David Cameron returns to Downing Street. Photo:Getty
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Why were the polls so wrong?

It wasn't just Labour and the Liberal Democrats who suffered a heavy defeat last Thursday - the opinion pollsters did too.

Like Ed Miliband, pollsters also suffered a severe defeat last week. Far from the dead heat which the national opinion polls had predicted for months, David Cameron won by a heavy margin. But how did the pollsters get it so fundamentally wrong? Especially, when just yesterday, even Cameron thought a Conservative majority was near impossible.

After the exit polls blew months and months of pollsters’ predictions out the water, it became clear that the Tories had been radically underestimated. We thought that the race couldn’t be any closer but we were in fact wrong. In the words of Cameron himself, “I’ve often said that there’s only one opinion poll that counts and that’s the one on election day and I’m not sure that’s ever been truer than today and tonight”.

To sum up, the Conservatives have now won 37 per cent of the vote, followed by Labour with 31 per cent, Ukip with 13 per cent, Lib Dems with eight per cent, and SNP with five per cent. None of the polls anticipated a conservative lead anything like this and not one mainstream polling projection predicted the Tories to win much more than 290 seats. In spite of this, they have now won a staggering 330 seats.

And while Labour was predicted to win roughly 270 seats, they have taken home a meager 232 seats. In failing to win key target seats in the North-West, Yorkshire and the Midlands, the swings that Labour so desperately needed slipped away from them. In spite of their dramatic failings to predict the Conservative and Labour share of the vote, it’s worth noting that the polls did accurately predict the share of the vote for the Lib Dems, Ukip, SNP and Greens.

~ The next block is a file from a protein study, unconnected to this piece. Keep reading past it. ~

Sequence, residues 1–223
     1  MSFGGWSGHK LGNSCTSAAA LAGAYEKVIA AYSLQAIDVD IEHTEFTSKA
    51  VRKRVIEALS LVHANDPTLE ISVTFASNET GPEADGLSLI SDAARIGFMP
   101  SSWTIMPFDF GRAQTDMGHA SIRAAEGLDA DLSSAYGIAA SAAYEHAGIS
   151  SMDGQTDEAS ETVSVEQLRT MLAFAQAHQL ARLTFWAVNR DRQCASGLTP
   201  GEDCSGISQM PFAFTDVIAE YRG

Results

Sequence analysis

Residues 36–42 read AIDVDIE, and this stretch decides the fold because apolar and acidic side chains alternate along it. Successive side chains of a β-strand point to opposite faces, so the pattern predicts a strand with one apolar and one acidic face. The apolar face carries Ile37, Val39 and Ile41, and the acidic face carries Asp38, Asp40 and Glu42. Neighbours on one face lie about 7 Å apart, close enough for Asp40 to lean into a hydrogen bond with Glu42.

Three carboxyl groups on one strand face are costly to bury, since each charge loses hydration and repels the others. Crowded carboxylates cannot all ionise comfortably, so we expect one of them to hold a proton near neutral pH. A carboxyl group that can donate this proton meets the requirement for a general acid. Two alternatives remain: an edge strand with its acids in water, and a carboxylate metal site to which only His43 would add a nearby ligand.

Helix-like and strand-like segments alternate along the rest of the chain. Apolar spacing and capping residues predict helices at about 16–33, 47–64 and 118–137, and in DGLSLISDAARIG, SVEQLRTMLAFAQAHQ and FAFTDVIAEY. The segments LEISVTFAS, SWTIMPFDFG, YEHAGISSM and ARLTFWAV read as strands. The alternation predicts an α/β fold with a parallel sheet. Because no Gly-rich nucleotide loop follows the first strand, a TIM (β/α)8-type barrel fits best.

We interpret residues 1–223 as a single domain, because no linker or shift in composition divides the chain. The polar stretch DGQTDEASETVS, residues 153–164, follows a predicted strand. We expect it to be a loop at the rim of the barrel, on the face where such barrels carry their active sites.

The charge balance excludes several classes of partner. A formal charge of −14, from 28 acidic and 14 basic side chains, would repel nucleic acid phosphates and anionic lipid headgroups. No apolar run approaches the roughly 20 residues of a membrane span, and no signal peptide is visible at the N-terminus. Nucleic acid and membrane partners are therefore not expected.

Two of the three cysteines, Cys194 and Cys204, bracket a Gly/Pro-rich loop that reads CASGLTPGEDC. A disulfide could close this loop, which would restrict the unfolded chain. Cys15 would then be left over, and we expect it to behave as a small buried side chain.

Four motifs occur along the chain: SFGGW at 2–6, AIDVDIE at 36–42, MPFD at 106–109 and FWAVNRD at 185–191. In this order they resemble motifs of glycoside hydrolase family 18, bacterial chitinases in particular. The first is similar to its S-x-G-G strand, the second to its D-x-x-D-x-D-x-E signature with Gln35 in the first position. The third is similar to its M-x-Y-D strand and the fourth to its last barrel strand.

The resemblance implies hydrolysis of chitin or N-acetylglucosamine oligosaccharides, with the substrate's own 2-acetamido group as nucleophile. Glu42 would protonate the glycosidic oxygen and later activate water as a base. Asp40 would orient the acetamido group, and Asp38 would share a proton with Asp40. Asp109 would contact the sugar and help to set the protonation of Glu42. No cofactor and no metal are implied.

All the same, the polls certainly failed to predict the extent of the Liberal Democrat bloodbath that has ensued. After claiming that they would be the “surprise success story of the night”, Nick Clegg has suffered a humiliating defeat and the Lib Dems have held just eight of its 56 seats. What’s more, none of the polls could’ve predicted the long list of eminent Liberals who have taken a farewell bow. As incumbency and local strength failed to save them from national collapse, Vince Cable, Charles Kennedy, Danny Alexander, Ed Davey, Simon Hughes and Lynn Featherstone have all lost their seats. In turn, the Conservatives - the second party in most Lib Dem seats – have been in the prime position to profit from Lib Dem losses.

Simon Atkinson, the global chief knowledge officer at Ipsos Mori,has expressed surprise at the Lib Dem collapse: “The expectation was that they’d hold the seats with their key players but they haven’t. If they had got below 20, I would’ve said it was a terrible night for them, but now they’ve got below 10. No matter how famous or high profile you are, it won’t save you”.

But the question remains on everyone’s lips - where did the so-called experts go so wrong? The truth is, polling is only ever as precise and accurate as its last error. The scope for inaccuracy always remains. And while, more polls were carried out in this election than ever before, voting intentions will still never equate to an actual tick in the ballot box.

Tom Mludzinski, head of Political Polling at ComRes, admits that, saying:

Polling companies have to be humble enough to say we’ve clearly missed the mark on the Conservatives and Labour. We’re not arrogant enough to say we’re done so let’s move on; instead we need to review our systems and consider where we went right and where we went wrong. It was never as close as we all believed”.